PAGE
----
Volume 20, Issue 1
  • ISSN 0929-9971
  • E-ISSN: 1569-9994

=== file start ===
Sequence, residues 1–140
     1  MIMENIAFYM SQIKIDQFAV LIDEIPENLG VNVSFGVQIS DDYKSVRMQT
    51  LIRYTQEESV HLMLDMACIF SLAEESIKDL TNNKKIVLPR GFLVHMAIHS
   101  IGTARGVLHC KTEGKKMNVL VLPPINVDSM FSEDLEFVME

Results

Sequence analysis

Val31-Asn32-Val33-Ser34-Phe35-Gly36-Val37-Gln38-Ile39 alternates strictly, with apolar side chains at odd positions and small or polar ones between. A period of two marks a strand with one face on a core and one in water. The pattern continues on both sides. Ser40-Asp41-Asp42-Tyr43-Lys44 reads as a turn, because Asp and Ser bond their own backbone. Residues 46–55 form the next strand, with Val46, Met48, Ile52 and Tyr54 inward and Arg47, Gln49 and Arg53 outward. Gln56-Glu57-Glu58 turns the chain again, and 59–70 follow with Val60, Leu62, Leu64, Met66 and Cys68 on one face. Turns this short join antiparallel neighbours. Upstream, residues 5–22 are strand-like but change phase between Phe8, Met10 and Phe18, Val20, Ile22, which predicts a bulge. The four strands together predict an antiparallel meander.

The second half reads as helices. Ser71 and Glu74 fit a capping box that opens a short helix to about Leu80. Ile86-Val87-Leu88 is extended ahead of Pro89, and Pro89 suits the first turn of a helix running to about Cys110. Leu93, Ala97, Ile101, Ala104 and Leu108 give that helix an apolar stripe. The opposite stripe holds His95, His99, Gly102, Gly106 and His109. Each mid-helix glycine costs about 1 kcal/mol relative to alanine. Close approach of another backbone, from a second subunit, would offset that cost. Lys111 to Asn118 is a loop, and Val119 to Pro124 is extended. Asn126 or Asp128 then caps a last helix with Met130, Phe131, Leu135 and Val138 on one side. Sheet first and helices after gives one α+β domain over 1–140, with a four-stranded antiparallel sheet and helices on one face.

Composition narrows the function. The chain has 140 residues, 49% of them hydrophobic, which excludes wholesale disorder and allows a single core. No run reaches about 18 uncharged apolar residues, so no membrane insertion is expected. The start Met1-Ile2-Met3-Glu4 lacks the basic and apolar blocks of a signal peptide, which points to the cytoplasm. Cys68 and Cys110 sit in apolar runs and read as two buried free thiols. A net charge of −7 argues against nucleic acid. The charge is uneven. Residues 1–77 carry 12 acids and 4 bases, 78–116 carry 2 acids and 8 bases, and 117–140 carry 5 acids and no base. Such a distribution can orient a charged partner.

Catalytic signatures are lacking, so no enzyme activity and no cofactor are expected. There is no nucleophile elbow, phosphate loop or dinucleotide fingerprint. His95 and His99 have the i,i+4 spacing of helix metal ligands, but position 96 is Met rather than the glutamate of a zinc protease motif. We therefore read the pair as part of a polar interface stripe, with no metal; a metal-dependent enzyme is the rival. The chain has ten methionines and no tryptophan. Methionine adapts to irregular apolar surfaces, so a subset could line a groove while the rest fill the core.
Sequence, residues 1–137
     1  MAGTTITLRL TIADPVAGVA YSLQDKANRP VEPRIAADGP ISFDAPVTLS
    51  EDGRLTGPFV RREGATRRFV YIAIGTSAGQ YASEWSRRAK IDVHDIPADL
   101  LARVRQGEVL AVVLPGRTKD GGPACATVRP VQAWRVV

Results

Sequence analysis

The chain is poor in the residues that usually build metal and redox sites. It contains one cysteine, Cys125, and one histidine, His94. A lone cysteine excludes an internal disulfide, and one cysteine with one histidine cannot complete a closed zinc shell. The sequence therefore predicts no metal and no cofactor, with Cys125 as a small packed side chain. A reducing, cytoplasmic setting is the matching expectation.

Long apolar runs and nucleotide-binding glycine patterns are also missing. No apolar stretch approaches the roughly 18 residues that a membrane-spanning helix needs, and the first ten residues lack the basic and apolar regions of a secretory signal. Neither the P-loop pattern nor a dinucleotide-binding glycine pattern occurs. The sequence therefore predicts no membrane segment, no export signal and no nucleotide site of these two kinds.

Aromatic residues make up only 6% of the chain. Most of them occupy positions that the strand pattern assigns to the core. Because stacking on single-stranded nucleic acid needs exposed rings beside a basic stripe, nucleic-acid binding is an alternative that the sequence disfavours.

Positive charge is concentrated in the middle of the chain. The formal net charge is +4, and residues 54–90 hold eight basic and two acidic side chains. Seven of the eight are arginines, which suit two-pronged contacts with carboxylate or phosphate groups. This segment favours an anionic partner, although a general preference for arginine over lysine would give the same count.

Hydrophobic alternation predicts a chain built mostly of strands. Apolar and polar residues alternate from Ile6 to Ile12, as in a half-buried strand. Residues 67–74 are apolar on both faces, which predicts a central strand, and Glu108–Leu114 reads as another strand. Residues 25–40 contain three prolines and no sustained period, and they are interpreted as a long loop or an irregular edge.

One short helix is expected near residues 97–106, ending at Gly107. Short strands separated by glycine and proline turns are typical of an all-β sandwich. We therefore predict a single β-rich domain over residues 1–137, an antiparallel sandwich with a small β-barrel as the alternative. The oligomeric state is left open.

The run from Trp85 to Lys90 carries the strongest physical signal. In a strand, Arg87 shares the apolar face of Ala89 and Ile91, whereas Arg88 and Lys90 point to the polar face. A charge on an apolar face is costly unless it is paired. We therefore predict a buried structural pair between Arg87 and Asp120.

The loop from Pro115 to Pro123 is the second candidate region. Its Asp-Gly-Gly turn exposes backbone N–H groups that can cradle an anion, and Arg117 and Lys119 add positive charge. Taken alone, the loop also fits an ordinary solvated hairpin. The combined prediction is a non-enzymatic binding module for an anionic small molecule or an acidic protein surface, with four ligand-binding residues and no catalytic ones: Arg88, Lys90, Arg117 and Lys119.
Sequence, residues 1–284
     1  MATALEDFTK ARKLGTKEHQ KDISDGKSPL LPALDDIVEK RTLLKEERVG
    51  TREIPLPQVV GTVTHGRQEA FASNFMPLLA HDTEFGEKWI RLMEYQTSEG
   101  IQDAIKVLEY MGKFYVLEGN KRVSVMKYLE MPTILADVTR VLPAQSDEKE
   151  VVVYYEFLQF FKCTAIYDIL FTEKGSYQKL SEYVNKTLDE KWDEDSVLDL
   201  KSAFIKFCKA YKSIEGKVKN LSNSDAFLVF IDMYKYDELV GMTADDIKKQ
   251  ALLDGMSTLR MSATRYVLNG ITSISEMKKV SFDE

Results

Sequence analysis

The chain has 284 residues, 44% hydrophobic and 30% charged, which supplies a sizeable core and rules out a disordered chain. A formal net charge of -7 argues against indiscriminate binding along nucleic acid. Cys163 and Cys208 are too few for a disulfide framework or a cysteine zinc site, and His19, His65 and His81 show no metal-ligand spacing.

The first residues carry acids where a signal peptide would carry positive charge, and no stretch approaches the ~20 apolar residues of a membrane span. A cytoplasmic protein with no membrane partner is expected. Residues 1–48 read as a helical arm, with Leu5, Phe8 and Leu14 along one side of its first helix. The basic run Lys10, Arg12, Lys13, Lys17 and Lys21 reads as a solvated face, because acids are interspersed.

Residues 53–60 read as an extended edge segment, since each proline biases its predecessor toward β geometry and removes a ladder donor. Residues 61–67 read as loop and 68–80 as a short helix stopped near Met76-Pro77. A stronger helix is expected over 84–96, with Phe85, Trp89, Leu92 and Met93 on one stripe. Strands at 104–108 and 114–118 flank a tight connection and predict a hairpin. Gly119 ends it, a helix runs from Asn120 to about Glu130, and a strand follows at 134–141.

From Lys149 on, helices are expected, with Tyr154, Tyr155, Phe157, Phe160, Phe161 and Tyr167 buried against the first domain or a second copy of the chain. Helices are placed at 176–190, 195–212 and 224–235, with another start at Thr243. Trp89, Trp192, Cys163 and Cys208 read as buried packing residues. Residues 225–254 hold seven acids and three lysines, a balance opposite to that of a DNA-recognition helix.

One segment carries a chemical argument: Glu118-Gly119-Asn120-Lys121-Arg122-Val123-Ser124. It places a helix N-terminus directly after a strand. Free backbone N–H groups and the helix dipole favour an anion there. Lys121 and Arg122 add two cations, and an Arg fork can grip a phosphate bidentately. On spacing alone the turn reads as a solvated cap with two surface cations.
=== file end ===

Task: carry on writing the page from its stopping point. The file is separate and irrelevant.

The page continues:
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In Languages for Specific Purposes (LSPs), variation and term formation are often seen as related phenomena, variation being interpreted as a sign of neology. In scientific discourse though, variation can play specific roles, thereby giving a different dimension to neology as a linguistic process than generally implied in terminological studies. The well-known referential function, consisting of creating new designations for naming new concepts, can be set aside in scientific texts to create space for what we define as the cognitive function: a situation where a scientist purposefully employs term variation as a means for theorising and better explaining a given concept. We argue that Halliday’s “grammatical metaphor” and “given-new” information theory provide an interesting background for understanding scientific term formation processes, and the ensuing issue of terminological variation. Consequently, in this article, we try to place the phenomenon of neology and of terminological variation within the framework of discourse analysis, by devising a method for probing sequential behaviour of terminological variants across text sections. Additionally, this study aims to improve building lexical resources within the ARTES terminological and phraseological multilingual database project, which serves as a support for developing lexicographical and translational skills in students in specialised translation.


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